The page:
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The Daily Wildcat

The Daily Wildcat


Butterflies symbolize Holocaust children

Rebecca Noble

Butterflies hang outside of the UA Hillel Foundation to commemorate the lives of 1.5 million children lost in the Holocaust on Sunday morning. Mayor Jonathan Rothschild proclaimed April 19 to be “Holocaust Survivor and Butterfly Project Day.”

Inside the Hillel Center on Sunday, Mayor Jonathan Rothschild proclaimed April 19 as Holocaust Survivor and Butterfly Project Day.

In a City of Tucson Proclamation, Rothschild read: “We honor the Tucson Holocaust survivors and their families who, through their shared stories and unselfish acts, have educated the next generation of leaders.” The Proclamation also encourages the Tucson community to “cultivate respect and tolerance for each other.”

According to Amy Gould, a UA parent who brought the project to Tucson, the UA is the only campus worldwide that has its very own Butterfly Project installation.

“For 24 years, Hillel has been sponsoring the Annual Holocaust Vigil because we think it’s important to never forget,” said Michelle Blumenberg, one of the event organizers who worked closely with Gould. “It’s important for the campus to never forget that the Holocaust happened but also to speak up about the evil in the world,”

The installation outside of Hillel currently has about 700 butterflies, Blumenberg said.

The Butterfly Project was inspired by a poem written by Pavel Friedman, a Czechoslovakian poet who perished in Auschwitz.

Friedman’s poem, titled “The Butterfly,” was written in 1942. The butterflies symbolize the lives of 1.5 million children who perished during the Holocaust, in addition to honoring survivors and representing hope.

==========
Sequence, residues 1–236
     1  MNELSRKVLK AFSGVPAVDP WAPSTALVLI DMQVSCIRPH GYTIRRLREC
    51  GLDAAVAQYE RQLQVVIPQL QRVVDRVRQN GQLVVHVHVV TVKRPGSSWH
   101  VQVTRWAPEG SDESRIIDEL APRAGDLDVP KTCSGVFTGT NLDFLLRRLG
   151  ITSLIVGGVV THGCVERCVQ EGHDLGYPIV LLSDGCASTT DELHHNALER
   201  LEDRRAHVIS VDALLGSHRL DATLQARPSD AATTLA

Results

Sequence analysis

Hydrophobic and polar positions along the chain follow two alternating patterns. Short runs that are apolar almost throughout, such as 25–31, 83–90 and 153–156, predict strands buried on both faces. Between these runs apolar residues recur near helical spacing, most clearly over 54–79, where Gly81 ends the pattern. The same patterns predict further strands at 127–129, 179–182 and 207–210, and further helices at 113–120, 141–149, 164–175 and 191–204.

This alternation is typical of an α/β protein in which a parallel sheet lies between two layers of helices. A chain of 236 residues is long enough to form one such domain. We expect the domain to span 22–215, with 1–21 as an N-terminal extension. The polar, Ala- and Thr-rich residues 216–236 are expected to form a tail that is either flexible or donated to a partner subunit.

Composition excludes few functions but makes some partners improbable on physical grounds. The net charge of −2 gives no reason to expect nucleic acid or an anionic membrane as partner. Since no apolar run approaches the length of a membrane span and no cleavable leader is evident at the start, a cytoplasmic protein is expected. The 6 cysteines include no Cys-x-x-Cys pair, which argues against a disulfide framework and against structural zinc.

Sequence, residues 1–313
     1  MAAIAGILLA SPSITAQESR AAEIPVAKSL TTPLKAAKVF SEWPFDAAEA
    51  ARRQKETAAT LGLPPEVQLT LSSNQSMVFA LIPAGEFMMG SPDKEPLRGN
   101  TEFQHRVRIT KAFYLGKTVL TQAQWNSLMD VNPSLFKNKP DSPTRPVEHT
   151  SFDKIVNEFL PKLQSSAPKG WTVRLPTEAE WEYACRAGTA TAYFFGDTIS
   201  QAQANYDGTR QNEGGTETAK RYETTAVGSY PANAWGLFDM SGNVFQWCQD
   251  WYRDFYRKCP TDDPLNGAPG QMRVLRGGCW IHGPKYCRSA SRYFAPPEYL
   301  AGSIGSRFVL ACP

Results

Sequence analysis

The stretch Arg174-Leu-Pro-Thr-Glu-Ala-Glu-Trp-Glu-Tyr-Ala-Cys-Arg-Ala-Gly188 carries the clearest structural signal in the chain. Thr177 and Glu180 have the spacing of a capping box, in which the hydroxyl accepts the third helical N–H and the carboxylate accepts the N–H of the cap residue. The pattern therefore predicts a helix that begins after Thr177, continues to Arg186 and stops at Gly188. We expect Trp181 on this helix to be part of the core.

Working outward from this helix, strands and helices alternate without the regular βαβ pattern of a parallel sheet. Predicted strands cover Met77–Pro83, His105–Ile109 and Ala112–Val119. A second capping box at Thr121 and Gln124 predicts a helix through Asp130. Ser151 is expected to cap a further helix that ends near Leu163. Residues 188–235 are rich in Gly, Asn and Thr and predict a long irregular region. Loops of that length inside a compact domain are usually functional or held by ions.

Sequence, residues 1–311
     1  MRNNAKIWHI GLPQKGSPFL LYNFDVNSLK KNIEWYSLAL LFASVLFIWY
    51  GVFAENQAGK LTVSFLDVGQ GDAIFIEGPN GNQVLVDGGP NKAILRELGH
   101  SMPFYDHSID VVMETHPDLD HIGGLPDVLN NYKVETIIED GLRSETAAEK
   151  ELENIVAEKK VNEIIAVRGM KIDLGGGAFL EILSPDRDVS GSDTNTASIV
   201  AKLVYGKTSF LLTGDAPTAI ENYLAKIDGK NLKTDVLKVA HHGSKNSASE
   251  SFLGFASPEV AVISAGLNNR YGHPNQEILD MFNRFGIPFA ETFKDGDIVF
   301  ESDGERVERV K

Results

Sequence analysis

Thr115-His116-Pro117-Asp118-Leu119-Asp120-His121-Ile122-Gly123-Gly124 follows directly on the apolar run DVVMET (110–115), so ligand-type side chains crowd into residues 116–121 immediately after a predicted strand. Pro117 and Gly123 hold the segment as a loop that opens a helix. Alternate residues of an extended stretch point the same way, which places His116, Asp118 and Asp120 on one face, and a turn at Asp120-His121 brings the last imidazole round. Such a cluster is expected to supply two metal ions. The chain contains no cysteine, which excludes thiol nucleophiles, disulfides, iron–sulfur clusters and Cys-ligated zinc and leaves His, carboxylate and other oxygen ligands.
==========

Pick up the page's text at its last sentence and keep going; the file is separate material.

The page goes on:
“It’s sometimes easier for us to forget atrocities and horror and hatred,” said Martha McSally, U.S. Representative of Arizona’s 2nd Congressional District. “It’s safer to do that, but we must remember.” 

McSally, as she returned to her seat, was embraced by a Holocaust survivor.

“We have to honor those who were lost, and we have to stand guard today to teach our children and our grandchildren to never forget what has happened so … we fight against the horror and the hatred that is capable in man’s heart,” McSally said. “It’s not about the history; it’s also about today, because this is about hatred and bigotry and prejudice.”

Additionally, the Butterfly Project inspired McSally to consider different ways by which the project can be spread across the Tucson community to locations that may be unexpected to visitors.

“We have to remember the past and the pain, … the suffering, … the murder in order to be vigilant about the threat that is in the present against Jewish people around the world,” McSally said.


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